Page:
‘Black and Blue’ respects the viewer’s intelligence
The movie is a blunt, efficient thriller
- Published 8.11.19, 8:01 PM
- Updated 8.11.19, 8:01 PM
The movie is a blunt, efficient thriller
Asupremely stressful day in Alicia West’s life — she will be shot at, betrayed and hunted by ruthless men on both sides of the law — begins with a morning jog through a quiet New Orleans neighbourhood. Head down, earbuds in, minding her business, Alicia is stopped and frisked by police officers because she “fits the profile.” In other words, because she’s black. But when one of the patrolmen runs her identification, he tells his partner to let her go because “she’s blue,” i.e. one of their colleagues on the force.
This is a blunt, efficient way for Black and Blue — a blunt, efficient thriller directed by Deon Taylor — to explain its title and its theme. Played by Naomie Harris with a quiet intensity that has room for notes of sorrow and confusion, Alicia is defined by an identity crisis that is hardly hers alone. For reasons that are partly temperamental and partly a matter of sheer bad timing, she’s caught up in an especially lethal set of contradictions involving her job and her race.
Alicia, who has come home to New Orleans after combat duty in Afghanistan and the death of her mother, is a rookie and a bit of a loner, though she seems to have a decent rapport with her partner, Kevin (Reid Scott). Because of her job, people she grew up with treat her with coldness and suspicion, in particular her former best friend, Missy (Nafessa Williams). Milo (Tyrese Gibson), the manager of a grocery store, who goes by “Mouse,” is a little friendlier, but he also makes it clear that the line that separates them isn’t one he can comfortably cross.
As the engine of its plot starts revving up, the movie takes in some of the realities of American life with matter-of-fact weariness. The scars of Katrina — and of the neglect and corruption that followed — are still evident, and the alienation of poor, black citizens is painful and profound. Alicia wants to believe something else is possible, that common ground exists, that people don’t have to be classified as “allies or enemies,” but this modest idealism only emphasises her isolation. Rhetoric that once sounded hopeful and inspiring now sounds naïve. She’s hardly foolish or starry-eyed, but her desire not to succumb completely to cynicism means that no one else trusts her. It also endangers her life.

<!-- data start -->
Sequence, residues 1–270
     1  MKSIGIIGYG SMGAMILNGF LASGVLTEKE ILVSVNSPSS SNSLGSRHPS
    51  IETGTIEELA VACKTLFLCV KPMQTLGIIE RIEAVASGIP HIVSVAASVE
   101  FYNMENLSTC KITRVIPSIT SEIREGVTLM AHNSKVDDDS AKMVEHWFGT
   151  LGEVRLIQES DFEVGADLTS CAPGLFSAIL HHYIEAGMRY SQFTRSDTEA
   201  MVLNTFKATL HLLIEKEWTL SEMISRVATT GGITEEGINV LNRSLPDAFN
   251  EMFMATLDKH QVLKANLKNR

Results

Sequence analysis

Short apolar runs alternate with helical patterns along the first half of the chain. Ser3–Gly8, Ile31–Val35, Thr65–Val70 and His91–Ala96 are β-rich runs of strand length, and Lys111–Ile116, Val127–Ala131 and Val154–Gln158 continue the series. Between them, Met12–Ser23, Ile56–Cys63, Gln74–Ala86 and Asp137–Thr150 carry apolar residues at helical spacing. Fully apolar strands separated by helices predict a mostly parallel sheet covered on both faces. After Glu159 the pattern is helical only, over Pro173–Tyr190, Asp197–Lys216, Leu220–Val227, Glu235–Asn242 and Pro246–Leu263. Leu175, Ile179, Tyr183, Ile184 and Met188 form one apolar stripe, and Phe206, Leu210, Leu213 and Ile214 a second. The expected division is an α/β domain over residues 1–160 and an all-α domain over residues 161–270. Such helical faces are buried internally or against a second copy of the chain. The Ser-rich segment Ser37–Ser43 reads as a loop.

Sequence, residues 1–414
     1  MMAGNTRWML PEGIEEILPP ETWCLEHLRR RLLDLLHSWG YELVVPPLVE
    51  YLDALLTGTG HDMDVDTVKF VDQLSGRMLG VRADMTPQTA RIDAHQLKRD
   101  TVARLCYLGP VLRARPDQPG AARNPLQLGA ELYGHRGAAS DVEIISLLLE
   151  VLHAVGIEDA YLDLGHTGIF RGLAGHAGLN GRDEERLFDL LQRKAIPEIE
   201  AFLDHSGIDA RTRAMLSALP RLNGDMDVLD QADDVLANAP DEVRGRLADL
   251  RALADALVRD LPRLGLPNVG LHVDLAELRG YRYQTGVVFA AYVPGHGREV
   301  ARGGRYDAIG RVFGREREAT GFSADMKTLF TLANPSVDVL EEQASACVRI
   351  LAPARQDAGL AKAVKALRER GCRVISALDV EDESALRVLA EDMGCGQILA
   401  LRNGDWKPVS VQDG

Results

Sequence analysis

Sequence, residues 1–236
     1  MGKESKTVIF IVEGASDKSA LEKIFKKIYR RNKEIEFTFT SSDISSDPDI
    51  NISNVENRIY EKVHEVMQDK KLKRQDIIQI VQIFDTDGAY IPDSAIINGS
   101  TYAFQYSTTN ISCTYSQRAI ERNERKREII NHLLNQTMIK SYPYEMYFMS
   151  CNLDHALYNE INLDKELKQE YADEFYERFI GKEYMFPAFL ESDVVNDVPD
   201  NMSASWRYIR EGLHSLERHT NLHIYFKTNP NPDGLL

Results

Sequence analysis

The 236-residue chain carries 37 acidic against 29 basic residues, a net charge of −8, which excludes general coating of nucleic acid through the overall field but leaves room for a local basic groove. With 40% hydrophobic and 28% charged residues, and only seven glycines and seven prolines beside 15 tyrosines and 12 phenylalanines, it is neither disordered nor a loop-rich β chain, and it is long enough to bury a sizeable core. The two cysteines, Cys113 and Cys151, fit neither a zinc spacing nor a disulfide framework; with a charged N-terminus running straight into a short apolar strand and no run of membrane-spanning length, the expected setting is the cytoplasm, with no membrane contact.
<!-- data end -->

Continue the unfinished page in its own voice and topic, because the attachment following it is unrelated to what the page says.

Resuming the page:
How that comes about isn’t something I’m inclined to spoil, though it isn’t hard to figure out what’s going on or what’s coming next. Alicia stumbles on a bunch of dirty cops, led by a narcotics detective who goes by Malone (Frank Grillo), doing some terrible things, which happen to be captured by her body camera. Malone and his crew are mixed up with a drug gang (its leader is played by Mike Colter), and before long both groups are chasing her through alleys and housing projects.
Rather than dress up its action with tricky, too-clever plot twists, Black and Blue respects both Alicia’s and the viewer’s intelligence. It doesn’t take too long to figure out who the bad guys are, or to see where the next bit of treachery will come from. Alicia and the reluctant Mouse are caught up in a conspiracy so vast and deeply rooted that it seems like part of the city’s infrastructure.
That’s a depressing thought, and Alicia is an apt heroine for a time of dread, disappointment and diminished expectations. I don’t mean to make the movie sound altogether grim. Taylor is good at choreographing violence and orchestrating suspense, and also at finding the grain of humor in each performance. He showed all of these skills earlier this year in “The Intruder,” a real-estate thriller that flirted with some of the social implications that “Black and Blue” commits to without reservation.
The politics here are elemental and undeniable without being preachy or pretentious. There are one or two soapbox moments, including a self-justifying speech by the principal villain, that could have been left out, but to say as much is really just to note how tight and coherent the movie otherwise succeeds in being.
Sometimes genre entertainment can illuminate troubling realities better than more earnest and self-seriously realistic films, and Black and Blue belongs to that tradition. Its pulpy pop-cultural credibility is inseparable from its honest, brutal assessment of the state of the world. Its ideas about the nature and limits of heroism — about just how hard and terrifying the resistance to evil can be — are spelled out in vivid black and white.